"Shall we establish nothing good because we know it cannot be eternal? Shall we live without government because every constitution has its old age and its period? Because we know that we shall die, shall we take no pains to preserve or lengthen our life? Far from it, Sir: it only requires the more watchful attention to settle government upon the best principles and in the wisest manner that it may last as long as the nature of things will admit."
- John Witherspoon, "Speech in Congress upon the Confederation"
Wednesday, February 15, 2012
Like the rest of the country, I'd seen in the papers that Huey had, on the floor of the Senate, accused FDR of aiding and abetting a murder plot against him; something about conspirators meeting at some hotel somewhere. But I'd really merely read the headlines, skimmed the stories. Nobody was taking it very seriously. After all, Huey made a habit out of such accusations. He was a wolf who kept crying little boy.
I'm delighted to have rediscovered Max Allan Collins's Nate Heller novels. They're textured and well-written, and something like George MacDonald Fraser's Flashman novels in providing entertaining, excellently researched history lessons. I knew almost nothing about the death of Louisiana governor and senator Huey Long before I read Blood and Thunder, but now I do.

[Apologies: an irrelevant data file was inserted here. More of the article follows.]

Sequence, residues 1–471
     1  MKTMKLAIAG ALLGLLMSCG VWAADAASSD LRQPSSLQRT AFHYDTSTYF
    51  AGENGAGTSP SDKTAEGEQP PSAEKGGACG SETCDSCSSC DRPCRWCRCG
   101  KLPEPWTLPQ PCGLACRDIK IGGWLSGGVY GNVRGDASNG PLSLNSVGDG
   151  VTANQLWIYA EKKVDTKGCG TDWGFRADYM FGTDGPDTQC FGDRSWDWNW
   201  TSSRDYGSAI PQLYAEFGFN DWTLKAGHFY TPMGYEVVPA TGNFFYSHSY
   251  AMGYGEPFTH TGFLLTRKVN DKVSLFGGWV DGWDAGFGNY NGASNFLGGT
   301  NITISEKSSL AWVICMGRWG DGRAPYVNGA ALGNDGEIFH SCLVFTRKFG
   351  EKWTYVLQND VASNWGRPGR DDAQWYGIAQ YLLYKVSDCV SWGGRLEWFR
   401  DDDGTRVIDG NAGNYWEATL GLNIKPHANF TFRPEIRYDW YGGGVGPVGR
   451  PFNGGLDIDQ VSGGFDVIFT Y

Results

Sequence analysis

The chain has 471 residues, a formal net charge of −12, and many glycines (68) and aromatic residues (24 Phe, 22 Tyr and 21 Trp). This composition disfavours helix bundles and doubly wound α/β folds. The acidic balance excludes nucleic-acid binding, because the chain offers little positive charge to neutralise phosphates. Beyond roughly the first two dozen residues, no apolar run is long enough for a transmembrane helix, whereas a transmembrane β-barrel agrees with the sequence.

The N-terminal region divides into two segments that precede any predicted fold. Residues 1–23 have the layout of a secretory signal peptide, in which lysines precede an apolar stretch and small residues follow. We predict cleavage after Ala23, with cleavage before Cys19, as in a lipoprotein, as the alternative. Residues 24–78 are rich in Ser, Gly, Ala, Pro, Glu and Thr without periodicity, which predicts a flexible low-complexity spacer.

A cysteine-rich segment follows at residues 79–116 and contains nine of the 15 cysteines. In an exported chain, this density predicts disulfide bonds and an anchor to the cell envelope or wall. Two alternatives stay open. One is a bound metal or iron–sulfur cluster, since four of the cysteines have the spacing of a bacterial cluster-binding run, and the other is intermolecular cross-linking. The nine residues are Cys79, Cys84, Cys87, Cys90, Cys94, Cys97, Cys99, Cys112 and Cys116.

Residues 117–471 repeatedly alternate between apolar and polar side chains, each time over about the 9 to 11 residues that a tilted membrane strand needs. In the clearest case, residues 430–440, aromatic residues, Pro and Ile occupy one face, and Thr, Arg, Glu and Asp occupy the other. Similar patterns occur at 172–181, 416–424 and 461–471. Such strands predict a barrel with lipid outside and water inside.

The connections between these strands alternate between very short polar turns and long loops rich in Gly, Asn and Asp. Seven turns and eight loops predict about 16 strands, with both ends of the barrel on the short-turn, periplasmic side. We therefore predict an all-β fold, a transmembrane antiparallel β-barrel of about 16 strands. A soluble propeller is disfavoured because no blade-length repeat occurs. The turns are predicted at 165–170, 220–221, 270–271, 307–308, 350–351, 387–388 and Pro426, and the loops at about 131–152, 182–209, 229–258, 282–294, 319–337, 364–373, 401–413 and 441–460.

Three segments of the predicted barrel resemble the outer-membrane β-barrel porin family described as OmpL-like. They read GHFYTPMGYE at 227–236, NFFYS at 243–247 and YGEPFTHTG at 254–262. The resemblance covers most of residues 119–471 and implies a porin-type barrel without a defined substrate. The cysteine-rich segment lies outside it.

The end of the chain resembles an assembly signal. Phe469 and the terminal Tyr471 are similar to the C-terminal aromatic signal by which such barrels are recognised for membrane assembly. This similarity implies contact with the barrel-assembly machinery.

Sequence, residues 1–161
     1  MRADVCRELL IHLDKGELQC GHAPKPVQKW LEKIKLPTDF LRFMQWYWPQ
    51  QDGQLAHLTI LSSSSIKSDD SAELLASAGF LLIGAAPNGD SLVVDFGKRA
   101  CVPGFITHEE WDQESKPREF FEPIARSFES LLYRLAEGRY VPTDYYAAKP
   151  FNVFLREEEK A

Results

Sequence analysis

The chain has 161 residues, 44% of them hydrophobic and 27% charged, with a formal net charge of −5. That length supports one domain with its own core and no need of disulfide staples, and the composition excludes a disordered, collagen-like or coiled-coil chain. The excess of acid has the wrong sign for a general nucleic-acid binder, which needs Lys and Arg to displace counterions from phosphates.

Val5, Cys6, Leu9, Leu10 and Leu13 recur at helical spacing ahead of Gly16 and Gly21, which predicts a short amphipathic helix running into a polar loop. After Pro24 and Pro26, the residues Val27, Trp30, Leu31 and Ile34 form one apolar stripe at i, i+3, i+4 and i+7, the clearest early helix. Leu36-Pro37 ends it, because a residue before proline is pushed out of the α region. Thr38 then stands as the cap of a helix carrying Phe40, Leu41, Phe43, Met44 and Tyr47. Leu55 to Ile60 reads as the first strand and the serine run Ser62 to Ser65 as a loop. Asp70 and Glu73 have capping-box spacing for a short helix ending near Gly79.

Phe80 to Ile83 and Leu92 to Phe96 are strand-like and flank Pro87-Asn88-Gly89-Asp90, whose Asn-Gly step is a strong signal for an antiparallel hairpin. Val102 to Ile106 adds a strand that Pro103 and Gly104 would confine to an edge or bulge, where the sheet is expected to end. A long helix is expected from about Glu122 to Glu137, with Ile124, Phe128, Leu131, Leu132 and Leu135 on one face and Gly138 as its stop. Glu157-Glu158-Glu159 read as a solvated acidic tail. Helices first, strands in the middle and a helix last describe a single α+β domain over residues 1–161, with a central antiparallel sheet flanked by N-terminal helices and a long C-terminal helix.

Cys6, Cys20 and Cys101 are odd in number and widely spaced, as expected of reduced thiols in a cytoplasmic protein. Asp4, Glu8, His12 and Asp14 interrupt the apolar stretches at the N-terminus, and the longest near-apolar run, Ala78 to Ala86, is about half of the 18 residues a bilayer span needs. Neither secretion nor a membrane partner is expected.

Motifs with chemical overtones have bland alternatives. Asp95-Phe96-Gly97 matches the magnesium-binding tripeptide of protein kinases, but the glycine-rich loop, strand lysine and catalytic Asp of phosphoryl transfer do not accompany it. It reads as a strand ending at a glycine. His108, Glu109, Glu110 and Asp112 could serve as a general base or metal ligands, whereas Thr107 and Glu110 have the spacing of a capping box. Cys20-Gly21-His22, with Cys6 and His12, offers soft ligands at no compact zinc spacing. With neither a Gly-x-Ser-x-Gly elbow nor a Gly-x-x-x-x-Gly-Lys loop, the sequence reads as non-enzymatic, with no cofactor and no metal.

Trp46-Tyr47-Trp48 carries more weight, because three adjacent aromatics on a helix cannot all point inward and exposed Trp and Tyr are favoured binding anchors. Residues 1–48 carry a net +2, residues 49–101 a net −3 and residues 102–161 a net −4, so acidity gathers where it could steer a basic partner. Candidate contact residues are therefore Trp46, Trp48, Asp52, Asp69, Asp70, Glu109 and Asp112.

The novel starts in 1935. Chicago private eye Nathan Heller has been persuaded by Senator Long (who met him on an earlier visit to the windy city) to become one of his bodyguards. After a visit to the Oklahoma State Fair they return to Louisiana, and Nate is introduced to the continual circus that is Huey Long's presidential campaign. Formerly a supporter of the New Deal, Long has broken with Roosevelt, and dreams of taking his populist wealth redistribution campaign to a national stage. He entertains visitors and reporters in his hotel suite dressed in green silk pajamas. He writes music. He parties hard. He has connections with organized crime. Heller has about had his fill of it all (in spite of an enjoyable affair with one of Long's ex-mistresses) when Long is shot to death. According to eyewitness reports he was killed by an angry dentist who was then riddled with bullets by Long's furious bodyguards (Nate is off on an errand at that moment). Nate goes home.
About a year later, he's invited back to Louisiana by Long's widow, who is now in financial difficulties. She wants him to prove that her husband was not killed by the dentist, but by the stray bullets of the bodyguards (that would make the death an accident, and trigger a double indemnity clause in Long's life insurance).
The solution Heller finds is not the one in the history books, but Collins makes a strong case for it, and explains in his Afterword what's speculation and what's documented fact.
Blood and Thunder is very enjoyable. Very educational. Huey Long truly comes alive as a historical character, so that the reader understands how this strange man came to be beloved by so many.
Recommended, with cautions for language and adult situations.